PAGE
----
This hypothesis was supported by the results of Experiment 1. The spider monkeys, having been housed in a zoo for a lengthy amount of time, had acquired a lot of experience with human faces. Therefore, given their experience of the visual world, it is not surprising that the spider monkeys built holistic representations of human face stimuli. In contrast the same hypothesis was not supported by the results of Experiment 2, specifically the striking absence of a composite effect for human faces (a familiar primate). Instead, it appears that the rhesus monkeys built holistic representations of chimpanzee faces (see Figure 4b). Although it is possible that this result is a sampling error, there are alternative explanations that warrant further investigation. For example, perhaps chimpanzee faces are similar to rhesus faces, and the holistic strategy was easily transferred. Another interesting result is that the composite effect for chimpanzee faces survived poor performance. In other words, a misaligned advantage was present in a condition where overall performance was low (see Figure 4a). This result converges with the mounting evidence in the human literature that holistic processing can be decoupled from the excellent discrimination of faces and this holds important implications for future research (see Hole, et al., 1999; Rossion & Boremanse, 2008; McKone & Crooks, 2007; Taubert, 2009).
Admittedly, the results of Experiment 2 would have been more convincing if a conspecific condition had been included, however this does not detract from the significance of the observation that spider monkeys show a composite effect for humans faces, and rhesus monkeys do not. Since visual experience cannot account for this observation, alternative explanations need to be entertained. The simplest explanation is differential development, either at the individual or species level. Individual development could account for the results of Experiments 1 and 2 if it is assumed that experience with human faces differed more between the two samples than within the two samples.
An important consideration, therefore, may be a difference in the meaningful encoding of human faces. The ‘meaningful encoding hypothesis’ assumes that faces are only recognised at the individual-level if they belong to the social in-group (McKone & Crookes, 2007; also see Bernstein, Young, & Hugenberg, 2007; Hugenberg & Corneille, 2009; Shriver, Young, Hugenberg, Bernstein, & Lanter, 2008). As a result, the mere presence of human faces in the visual environment may not be sufficient for the development of holistic processing which would require that human faces to be socially relevant. This explanation may account for the inconsistencies of the past where captive populations of nonhuman primates have not always demonstrated face-like processing for human faces (see McKone & Crookes, 2007). Accordingly, an important consideration when comparing the results Experiment 1 and 2 might be group size. The spider monkeys that were tested in Experiment 1 were living as a single bonded pair with limited experience of other conspecifics, if any. The rhesus monkeys that were tested in Experiment 2, however, were born in a large colony and were housed in a room where they had visual and auditory contact with a large number of conspecifics. Given this difference between the experimental subjects, it is impossible to rule out the role of meaningful encoding. However, meaningful encoding cannot explain why rhesus macaques experienced holistic interference in the chimpanzee face condition.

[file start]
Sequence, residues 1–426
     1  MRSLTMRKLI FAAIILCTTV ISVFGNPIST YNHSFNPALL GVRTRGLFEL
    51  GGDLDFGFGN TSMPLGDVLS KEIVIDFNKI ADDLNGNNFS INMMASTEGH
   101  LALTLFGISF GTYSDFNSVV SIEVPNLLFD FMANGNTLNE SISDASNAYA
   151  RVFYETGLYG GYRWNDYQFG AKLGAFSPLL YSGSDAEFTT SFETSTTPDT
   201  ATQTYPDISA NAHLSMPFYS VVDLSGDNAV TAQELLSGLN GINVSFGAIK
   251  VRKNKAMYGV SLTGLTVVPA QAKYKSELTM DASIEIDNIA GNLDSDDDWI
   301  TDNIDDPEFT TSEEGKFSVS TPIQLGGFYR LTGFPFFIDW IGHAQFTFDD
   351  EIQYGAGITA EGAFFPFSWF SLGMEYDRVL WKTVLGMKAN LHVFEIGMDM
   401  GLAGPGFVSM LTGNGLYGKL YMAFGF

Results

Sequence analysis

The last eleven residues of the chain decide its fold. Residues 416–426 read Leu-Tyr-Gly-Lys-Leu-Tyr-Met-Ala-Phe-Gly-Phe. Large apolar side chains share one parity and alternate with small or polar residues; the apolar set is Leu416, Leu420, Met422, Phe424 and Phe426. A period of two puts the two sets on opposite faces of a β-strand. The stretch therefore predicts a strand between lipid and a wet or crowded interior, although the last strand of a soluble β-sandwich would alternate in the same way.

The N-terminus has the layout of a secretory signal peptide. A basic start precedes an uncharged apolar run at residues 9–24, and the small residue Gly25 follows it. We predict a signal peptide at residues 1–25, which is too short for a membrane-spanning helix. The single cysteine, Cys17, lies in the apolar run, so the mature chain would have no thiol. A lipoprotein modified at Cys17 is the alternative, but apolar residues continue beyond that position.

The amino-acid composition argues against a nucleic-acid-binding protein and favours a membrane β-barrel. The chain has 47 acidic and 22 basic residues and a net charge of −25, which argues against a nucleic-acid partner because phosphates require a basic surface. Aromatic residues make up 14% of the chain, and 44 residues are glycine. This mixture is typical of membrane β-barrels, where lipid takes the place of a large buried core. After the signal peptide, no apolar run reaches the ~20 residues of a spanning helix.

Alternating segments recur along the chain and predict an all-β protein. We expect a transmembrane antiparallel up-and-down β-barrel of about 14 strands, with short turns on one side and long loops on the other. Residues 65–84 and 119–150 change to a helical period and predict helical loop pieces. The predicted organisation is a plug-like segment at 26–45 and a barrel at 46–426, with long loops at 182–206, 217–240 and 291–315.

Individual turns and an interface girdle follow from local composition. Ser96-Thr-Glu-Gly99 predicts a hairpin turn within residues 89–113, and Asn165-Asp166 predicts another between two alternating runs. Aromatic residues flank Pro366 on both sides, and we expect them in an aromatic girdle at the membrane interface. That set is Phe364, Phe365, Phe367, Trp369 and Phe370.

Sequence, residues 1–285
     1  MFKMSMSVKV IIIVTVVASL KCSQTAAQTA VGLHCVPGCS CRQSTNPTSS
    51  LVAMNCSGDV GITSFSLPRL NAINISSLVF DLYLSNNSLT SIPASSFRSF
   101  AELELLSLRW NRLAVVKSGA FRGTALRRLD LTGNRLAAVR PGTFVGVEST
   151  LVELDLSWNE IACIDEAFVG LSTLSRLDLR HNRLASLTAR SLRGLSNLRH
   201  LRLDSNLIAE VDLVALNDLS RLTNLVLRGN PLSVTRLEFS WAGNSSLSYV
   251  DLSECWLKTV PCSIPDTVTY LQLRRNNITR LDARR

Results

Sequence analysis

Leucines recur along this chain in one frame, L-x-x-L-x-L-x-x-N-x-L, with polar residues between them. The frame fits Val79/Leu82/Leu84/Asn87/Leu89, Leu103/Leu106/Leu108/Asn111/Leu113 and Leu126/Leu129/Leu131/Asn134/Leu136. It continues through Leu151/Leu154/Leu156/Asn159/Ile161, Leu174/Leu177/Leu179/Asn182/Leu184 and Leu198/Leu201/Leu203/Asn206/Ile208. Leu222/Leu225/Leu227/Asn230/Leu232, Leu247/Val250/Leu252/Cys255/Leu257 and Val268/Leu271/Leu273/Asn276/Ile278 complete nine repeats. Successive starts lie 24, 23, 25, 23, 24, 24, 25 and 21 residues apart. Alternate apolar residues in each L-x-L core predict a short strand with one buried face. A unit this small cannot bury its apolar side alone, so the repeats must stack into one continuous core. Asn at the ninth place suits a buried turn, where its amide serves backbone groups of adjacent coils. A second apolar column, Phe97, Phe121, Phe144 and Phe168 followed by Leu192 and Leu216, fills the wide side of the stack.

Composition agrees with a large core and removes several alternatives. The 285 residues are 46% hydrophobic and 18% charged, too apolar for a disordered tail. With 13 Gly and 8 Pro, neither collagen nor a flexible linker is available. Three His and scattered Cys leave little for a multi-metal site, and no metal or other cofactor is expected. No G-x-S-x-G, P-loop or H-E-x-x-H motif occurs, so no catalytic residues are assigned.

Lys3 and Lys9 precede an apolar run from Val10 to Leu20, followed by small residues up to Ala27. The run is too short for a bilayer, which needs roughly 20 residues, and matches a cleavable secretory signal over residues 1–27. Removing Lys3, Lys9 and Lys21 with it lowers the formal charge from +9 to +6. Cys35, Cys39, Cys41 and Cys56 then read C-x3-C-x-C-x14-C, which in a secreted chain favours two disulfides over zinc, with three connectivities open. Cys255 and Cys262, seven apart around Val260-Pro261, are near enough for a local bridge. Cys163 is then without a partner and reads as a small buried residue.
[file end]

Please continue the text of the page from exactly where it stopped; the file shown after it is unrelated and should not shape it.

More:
Turning to a more interesting theoretical account, the differences reported for the human face condition (Experiments 1 and 2) might be explained better by the assumption that different selection pressures, operating in the separate lineages, have changed the behavioural manifestation of holistic processing. Given that faces are salient social signals, one potentially important difference between spider and rhesus monkeys is social organisation. Spider monkeys, like chimpanzees and orangutans, organise themselves into social groups that are subject to both fission and fusion. While these groups are characterized by frequent change, male philopatry and female dispersal, the features of a rhesus monkey society include stronger group cohesion and matrilineal rank-order. How these differences in social organisation would translate into pressure on the face recognition is unclear, but the proposal is supported by the observation that the performance of rhesus monkeys in face recognition experiments has often been incompatible with the conclusions drawn from studies of other primate species. For example, captive rhesus monkeys, with substantial contact with humans, have previously failed to discriminate human faces in a novelty preference task (Pascalis & Bachevalier, 1998). A similar study found that cotton-top tamarins, raised in captivity, showed a novelty preference for human faces that was nearly as strong as the novelty preference for tamarin faces (Neiworth, et al., 2007). In recent research, there is evidence that rhesus monkeys do not perform well on face recognition tasks (Parr, et al., 2008) and that juveniles show a differential pattern of attention towards face stimuli compared with chimpanzees or humans (Paukner, Ferrari, & Suomi, 2008). Could differences in social complexity account for the inconsistencies we see in face recognition performance across the primate order? Although we are still a long way from understanding the origin and development of face recognition, these current results imply that visual experience alone cannot predict the composite effect across the primate order.
This research was supported by the Yerkes Center base grant No. RR-00165 awarded by the Animal Resources Program of the National Institutes of Health and the BBE postgraduate program awarded by Macquarie University. We also thank Bruno Rossion and two anonymous reviewers for their helpful comments.